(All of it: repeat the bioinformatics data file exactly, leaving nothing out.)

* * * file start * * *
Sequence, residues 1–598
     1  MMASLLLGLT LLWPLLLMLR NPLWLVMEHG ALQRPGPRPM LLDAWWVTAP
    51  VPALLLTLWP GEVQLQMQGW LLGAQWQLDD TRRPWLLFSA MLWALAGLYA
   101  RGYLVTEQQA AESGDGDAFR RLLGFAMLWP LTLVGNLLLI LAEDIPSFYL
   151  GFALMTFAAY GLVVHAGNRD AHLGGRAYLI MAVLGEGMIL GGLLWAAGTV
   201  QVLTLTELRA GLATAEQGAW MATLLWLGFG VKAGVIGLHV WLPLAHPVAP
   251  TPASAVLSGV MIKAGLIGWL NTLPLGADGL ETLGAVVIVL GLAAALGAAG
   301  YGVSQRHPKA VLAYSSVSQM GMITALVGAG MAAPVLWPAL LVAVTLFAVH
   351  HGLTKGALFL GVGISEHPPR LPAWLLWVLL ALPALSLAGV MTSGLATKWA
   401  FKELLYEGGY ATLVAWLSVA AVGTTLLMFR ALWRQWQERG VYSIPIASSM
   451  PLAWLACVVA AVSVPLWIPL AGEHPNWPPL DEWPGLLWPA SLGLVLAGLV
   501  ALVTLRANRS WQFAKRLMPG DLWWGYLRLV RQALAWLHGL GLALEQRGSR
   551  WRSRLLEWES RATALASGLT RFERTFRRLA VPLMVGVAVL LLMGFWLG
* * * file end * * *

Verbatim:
Sequence, residues 1–598
     1  MMASLLLGLT LLWPLLLMLR NPLWLVMEHG ALQRPGPRPM LLDAWWVTAP
    51  VPALLLTLWP GEVQLQMQGW LLGAQWQLDD TRRPWLLFSA MLWALAGLYA
   101  RGYLVTEQQA AESGDGDAFR RLLGFAMLWP LTLVGNLLLI LAEDIPSFYL
   151  GFALMTFAAY GLVVHAGNRD AHLGGRAYLI MAVLGEGMIL GGLLWAAGTV
   201  QVLTLTELRA GLATAEQGAW MATLLWLGFG VKAGVIGLHV WLPLAHPVAP
   251  TPASAVLSGV MIKAGLIGWL NTLPLGADGL ETLGAVVIVL GLAAALGAAG
   301  YGVSQRHPKA VLAYSSVSQM GMITALVGAG MAAPVLWPAL LVAVTLFAVH
   351  HGLTKGALFL GVGISEHPPR LPAWLLWVLL ALPALSLAGV MTSGLATKWA
   401  FKELLYEGGY ATLVAWLSVA AVGTTLLMFR ALWRQWQERG VYSIPIASSM
   451  PLAWLACVVA AVSVPLWIPL AGEHPNWPPL DEWPGLLWPA SLGLVLAGLV
   501  ALVTLRANRS WQFAKRLMPG DLWWGYLRLV RQALAWLHGL GLALEQRGSR
   551  WRSRLLEWES RATALASGLT RFERTFRRLA VPLMVGVAVL LLMGFWLG